The political system of New Zealand can be described as a representative parliamentary democracy. New Zealand is also considered a constitutional monarchy in which the Queen or King of England as the official the head of state. The legislative branch of government in New Zealand is based on precedents set by the United Kingdom's Westminster.
Elections in New Zealand take place every three years. Parliamentary representatives are elected through a regional electorate system, and the Prime Minister is elected by the national party vote and will also be the leader of the party with the most votes. The first modern elections of New Zealand took place in 1853, and New Zealand was also the first country to grant women the right to vote in 1893.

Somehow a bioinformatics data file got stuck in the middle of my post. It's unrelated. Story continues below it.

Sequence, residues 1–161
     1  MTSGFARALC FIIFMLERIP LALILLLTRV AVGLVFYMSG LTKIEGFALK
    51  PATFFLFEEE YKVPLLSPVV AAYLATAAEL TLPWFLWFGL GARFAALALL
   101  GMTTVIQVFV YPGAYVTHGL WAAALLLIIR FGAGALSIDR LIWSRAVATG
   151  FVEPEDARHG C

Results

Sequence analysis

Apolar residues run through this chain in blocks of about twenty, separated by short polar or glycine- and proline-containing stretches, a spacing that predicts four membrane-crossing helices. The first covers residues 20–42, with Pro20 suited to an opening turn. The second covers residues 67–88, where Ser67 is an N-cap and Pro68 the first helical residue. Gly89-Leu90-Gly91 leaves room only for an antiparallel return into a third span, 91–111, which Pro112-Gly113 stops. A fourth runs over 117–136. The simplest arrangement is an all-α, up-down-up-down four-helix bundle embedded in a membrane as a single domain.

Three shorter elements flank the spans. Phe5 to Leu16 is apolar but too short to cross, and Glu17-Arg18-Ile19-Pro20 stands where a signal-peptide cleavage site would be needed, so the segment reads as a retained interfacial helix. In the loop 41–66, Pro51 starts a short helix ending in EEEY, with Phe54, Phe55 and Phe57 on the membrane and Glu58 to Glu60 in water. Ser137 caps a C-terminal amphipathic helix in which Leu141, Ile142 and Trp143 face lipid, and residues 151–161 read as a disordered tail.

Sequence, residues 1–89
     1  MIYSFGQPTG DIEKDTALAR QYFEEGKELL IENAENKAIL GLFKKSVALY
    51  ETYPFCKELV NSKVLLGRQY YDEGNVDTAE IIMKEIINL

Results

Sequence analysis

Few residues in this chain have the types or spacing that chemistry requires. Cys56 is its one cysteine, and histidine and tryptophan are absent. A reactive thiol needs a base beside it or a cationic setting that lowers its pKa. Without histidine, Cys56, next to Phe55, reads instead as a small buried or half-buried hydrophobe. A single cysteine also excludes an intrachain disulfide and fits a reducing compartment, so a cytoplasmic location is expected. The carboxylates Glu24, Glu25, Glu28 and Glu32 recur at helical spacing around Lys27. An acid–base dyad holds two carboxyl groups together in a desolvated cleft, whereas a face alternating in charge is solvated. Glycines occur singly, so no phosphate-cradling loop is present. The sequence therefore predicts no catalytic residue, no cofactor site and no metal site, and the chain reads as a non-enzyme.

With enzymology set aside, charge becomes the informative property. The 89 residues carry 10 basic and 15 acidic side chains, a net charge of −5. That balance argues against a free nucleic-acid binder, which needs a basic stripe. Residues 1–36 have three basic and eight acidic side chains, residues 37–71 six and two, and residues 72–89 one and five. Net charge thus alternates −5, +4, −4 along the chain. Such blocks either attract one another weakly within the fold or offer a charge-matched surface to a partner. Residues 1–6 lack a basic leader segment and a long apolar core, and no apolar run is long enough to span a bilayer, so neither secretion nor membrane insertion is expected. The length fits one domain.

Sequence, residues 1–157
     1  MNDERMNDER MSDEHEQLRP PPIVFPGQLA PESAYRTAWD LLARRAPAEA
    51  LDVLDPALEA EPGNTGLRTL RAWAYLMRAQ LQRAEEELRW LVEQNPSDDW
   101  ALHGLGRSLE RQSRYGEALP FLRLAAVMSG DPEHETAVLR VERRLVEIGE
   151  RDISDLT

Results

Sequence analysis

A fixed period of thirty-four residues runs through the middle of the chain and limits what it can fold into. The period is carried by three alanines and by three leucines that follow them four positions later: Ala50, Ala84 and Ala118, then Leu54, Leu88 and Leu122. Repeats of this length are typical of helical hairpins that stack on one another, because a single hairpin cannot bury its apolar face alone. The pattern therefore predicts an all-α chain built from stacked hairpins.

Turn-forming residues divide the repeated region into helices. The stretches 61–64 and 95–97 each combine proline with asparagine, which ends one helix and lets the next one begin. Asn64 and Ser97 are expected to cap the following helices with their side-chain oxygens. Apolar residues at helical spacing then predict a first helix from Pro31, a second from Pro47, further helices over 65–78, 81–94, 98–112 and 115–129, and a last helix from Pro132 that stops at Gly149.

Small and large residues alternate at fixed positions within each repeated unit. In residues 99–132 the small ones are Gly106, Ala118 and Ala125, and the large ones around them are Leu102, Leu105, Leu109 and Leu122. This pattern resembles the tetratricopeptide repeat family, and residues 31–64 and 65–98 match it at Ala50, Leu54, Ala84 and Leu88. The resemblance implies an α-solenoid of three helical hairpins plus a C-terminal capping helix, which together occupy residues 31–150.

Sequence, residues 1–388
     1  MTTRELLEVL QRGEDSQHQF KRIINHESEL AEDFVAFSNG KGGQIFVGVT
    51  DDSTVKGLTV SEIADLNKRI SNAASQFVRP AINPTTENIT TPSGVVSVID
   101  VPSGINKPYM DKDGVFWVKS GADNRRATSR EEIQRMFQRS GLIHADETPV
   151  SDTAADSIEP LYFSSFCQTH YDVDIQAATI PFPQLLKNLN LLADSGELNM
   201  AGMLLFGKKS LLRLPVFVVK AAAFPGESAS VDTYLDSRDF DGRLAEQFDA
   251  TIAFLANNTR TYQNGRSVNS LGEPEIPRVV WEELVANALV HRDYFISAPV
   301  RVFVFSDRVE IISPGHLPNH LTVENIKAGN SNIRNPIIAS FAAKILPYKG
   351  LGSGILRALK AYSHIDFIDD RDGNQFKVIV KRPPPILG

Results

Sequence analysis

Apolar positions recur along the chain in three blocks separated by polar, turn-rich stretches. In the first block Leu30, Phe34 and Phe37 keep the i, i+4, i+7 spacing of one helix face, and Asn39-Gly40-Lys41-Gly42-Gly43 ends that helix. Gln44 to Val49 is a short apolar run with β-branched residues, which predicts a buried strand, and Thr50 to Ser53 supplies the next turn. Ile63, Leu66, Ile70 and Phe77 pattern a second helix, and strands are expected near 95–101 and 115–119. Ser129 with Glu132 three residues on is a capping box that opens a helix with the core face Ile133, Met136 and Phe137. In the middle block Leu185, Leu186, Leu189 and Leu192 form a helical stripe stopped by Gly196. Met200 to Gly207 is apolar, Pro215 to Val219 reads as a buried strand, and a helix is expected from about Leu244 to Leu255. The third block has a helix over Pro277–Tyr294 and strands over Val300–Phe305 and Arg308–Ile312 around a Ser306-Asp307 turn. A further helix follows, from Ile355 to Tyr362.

The parliament of New Zealand is located in the capital of Wellington in the North Island of the country. There are 120 seats in the parliament of New Zealand made up of 71 electorate seats, decided by regional representation, and 49 list seats. The list seats are determined by the proportion of party votes that any one party receives. Ministerial positions within the government are always filled by members of this parliament. Although the Queen is considered to be the head of state, she is rarely ever present and is represented by a Governor-General.
New Zealand has a multiparty system. However, the two post prominent parties are the Labour and the National.
This page was last modified on May 1st, 2018
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